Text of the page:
Grouse hold up hikers in Baxter State Park

Wildlife gets the right of way, but what if wildlife just won’t budge?

I was hiking the other day, as I tend to do, and stumbled across a group of beautiful birds that looked like partridge. Actually, two of my hiking buddies saw them first. They were hard to miss, being in the middle of the smooth, gravel trail. But they weren’t partridge — no they were not. And they wouldn’t move. So we couldn’t move.

Photo by Aislinn Sarnacki. Spruce grouse block the hiking path on South Brother Mountain in Baxter State Park on Aug. 11, 2012.

They were spruce grouse! The spruce grouse lives in coniferous forests throughout much of Canada and portions of the northern United States. Why coniferous forests? Well, they like to nom on (eat) the needles of spruces and other conifers. We were near the top of a mountain in Baxter State Park when we stumbled across our little flock.

When I first saw them, I thought, ‘Wild chickens!’ And they do look a bit like chickens, with their plump bodies and beautiful feather patterning.

I’m always hesitant to approach wildlife too closely. When I see a woodpecker or a hare, I pull out my long lens and take photos at a good distance — without scaring them. But the spruce grouse didn’t seem to mind as we inched closer. They acted a lot like domestic chickens.

I liked them so much, I looked up some information about them.

Spruce grouse nest in a depression the ground, lined with conifer needles and feathers. The site always has overhead cover, often at the base of a tree. They have historically lived in forests showing fire-related patchwork of various stages of regeneration. Timber harvesting can produce similar patterns, but in many places, habitat loss has led directly to the dramatic reduction or elimination of spruce grouse populations.

Photo by Aislinn Sarnacki. Spruce grouse on South Brother Mountain in Baxter State Park on Aug. 11, 2012.

For that very reason, spruce grouse are illegal to hunt in Maine. Hunters must be able to distinguish between ruffed grouse (partridge) and spruce grouse. A helpful resource can be found at But basically, it says that the two birds behave and look different:

Photo by Aislinn Sarnacki. Spruce grouse lies down in a hiking path on South Brother Mountain in Baxter State Park on Aug. 11, 2012.

Spruce grouse generally act very tame and may allow a hunter to approach within a few feet — behavior we delighted in while hiking. I was able to take some great photos because they didn’t seem to fear us. Sometimes, they will crouch low to the ground when approached — we also noticed that! I almost stepped on one because it was burrowing into the gravel and blended right in. And when the spruce grouse does decide to move away, they will often just run a short distance or fly to a nearby tree — and that’s exactly what they did on the trail. I felt like they were leading us on the hike because they would simply walk ahead of us.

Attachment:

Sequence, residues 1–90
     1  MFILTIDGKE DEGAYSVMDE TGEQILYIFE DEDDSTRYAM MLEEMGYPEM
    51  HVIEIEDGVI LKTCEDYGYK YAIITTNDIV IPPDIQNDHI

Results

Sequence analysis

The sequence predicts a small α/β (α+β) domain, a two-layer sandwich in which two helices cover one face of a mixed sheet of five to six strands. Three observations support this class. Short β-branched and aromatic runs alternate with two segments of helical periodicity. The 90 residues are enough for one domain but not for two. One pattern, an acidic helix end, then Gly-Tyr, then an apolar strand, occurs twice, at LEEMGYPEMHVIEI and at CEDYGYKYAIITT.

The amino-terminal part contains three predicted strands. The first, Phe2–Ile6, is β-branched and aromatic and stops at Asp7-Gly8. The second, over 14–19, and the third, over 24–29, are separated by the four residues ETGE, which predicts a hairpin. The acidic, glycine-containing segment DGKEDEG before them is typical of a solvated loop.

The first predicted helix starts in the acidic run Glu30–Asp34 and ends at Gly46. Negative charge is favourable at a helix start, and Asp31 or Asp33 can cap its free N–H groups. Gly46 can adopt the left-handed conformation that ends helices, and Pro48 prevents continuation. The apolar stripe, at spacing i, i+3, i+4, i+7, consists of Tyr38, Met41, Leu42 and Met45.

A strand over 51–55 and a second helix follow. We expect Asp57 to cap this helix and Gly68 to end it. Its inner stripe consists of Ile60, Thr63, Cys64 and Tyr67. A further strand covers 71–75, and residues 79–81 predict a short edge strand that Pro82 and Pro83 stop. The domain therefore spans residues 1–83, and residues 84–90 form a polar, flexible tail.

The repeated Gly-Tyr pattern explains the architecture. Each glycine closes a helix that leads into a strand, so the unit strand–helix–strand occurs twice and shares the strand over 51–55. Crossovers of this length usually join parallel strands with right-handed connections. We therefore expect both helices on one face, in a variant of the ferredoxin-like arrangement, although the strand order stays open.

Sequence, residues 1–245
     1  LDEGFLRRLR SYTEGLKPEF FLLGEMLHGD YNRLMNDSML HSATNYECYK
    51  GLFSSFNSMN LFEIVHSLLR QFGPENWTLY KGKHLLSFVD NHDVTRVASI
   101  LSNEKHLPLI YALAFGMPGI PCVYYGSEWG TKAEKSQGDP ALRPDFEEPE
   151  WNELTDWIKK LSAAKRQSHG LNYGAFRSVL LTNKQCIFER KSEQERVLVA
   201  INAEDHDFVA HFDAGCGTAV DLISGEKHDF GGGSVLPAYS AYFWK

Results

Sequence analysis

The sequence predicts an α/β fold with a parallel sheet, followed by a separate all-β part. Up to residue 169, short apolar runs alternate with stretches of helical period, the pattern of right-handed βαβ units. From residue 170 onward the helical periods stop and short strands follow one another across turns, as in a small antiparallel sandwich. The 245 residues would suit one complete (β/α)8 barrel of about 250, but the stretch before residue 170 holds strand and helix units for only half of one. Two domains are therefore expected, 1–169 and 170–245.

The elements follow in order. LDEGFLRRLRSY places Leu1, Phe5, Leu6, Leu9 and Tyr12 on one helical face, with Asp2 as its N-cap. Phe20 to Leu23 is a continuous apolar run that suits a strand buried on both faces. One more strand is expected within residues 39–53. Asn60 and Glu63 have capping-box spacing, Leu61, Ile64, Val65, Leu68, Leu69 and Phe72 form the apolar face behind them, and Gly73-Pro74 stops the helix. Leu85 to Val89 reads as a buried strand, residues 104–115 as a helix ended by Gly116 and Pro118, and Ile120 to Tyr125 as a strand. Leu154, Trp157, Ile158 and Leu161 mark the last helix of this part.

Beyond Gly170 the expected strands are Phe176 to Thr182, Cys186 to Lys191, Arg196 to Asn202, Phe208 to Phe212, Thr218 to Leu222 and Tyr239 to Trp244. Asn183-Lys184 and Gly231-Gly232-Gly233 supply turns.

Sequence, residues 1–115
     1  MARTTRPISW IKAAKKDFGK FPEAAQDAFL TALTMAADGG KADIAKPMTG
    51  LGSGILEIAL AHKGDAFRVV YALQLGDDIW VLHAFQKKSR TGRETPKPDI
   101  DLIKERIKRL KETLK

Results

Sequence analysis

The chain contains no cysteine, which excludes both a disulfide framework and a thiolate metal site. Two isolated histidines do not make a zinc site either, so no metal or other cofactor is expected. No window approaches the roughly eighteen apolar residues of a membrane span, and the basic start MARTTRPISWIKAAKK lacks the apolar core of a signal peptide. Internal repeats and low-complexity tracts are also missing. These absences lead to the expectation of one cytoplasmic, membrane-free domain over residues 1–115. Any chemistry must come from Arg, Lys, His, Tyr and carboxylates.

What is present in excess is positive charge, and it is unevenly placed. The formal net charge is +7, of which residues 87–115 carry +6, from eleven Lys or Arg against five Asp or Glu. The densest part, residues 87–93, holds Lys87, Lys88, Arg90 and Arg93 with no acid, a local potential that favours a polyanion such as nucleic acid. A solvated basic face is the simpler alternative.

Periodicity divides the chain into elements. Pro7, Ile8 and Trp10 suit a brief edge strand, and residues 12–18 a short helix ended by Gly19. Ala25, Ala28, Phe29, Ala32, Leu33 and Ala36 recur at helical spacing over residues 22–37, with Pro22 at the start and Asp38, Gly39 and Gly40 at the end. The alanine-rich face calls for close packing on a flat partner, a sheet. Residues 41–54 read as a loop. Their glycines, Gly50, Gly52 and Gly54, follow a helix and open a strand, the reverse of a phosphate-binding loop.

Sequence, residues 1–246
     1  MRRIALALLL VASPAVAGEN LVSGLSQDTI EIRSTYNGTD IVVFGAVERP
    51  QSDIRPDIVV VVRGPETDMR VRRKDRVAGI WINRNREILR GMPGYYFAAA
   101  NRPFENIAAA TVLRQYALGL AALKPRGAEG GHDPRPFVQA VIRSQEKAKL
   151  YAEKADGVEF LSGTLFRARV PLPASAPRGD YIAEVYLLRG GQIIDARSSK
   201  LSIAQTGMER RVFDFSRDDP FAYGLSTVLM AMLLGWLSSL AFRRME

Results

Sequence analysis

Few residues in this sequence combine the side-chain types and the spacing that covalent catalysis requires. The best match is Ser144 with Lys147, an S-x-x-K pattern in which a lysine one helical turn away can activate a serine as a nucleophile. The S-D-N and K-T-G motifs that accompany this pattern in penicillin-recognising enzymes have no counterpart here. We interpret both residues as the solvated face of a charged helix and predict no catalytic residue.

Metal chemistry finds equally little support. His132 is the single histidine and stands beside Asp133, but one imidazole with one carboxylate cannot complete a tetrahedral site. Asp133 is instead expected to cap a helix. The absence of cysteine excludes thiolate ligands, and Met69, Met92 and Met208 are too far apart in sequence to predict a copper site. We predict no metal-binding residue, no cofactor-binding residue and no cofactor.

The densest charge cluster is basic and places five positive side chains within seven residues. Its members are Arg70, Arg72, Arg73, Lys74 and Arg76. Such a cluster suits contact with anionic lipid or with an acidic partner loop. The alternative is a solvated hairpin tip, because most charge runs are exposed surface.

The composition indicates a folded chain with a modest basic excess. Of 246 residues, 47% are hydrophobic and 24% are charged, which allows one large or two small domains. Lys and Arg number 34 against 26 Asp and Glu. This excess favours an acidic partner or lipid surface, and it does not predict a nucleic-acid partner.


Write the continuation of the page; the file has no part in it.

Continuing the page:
A ruffed grouse, on the other hand, will usually perk its head up like a chicken when someone approaches. And if you get too close, it will flush and take flight. It may also lower its head, with neck extended, and run for cover.

But if you aren’t trying to interact with the bird (but rather, shoot it), you will have to be able to tell them apart by physical characteristics. You can look at the bird’s tail. The spruce grouse has tail feathers with red-brown tips, and their tails lack the broad black band that the ruffed grouse has.

The male spruce grouse are slate gray and black, a lot darker than the ruffed grouse, but the female spruce grouse is gray and brown, which may look similar to the color of a ruffed grouse. Just remember that a spruce grouse lacks the band across the tail, as well as two other characteristics of the ruffed grouse: black ruff feathers on the side of the neck and small feathers pointing up from the top of the head.

Photo by Aislinn Sarnacki. A male spruce grouse perches beside a hiking path on South Brother Mountain in Baxter State Park on Aug. 11, 2012.

Also, male spruce grouse have a characteristic un-feathered red patch of skin above the eye. This bright red skin is called a “comb.” When we ran into the grouse on the trail, I took several photos of the largest grouse of the flock, which had a beautiful, big red comb. I thought it was the mother and that the smaller birds were her babies. Now I know that couldn’t have been the case. It was a male!


Photo by Aislinn Sarnacki. Spruce grouse on South Brother Mountain in Baxter State Park on Aug. 11, 2012, is identifiable by the red skin over his eye, which the female does not have.

As we tried to inch past them in the trail, (a thick forest of stunted spruce on either side of the trail deterred us from bushwhacking around them), I noticed that he jumped up on a log and puffed up its feather. Apparently, that’s a territorial display — fanning and sweeping the trail. We didn’t alarm it enough for it to clap its wings though.  Eventually, they moved to the side of the trail and hid in the stunted conifers as we passed by and made our way down the mountain.

Credit: Much of the information about spruce grouse I gathered from, an extremely useful and reliable site by The Cornell Lab of Ornithology.

Aislinn Sarnacki

About Aislinn Sarnacki

Aislinn is a Bangor Daily News reporter for the Outdoors pages, focusing on outdoor recreation and Maine wildlife. Visit her main blog at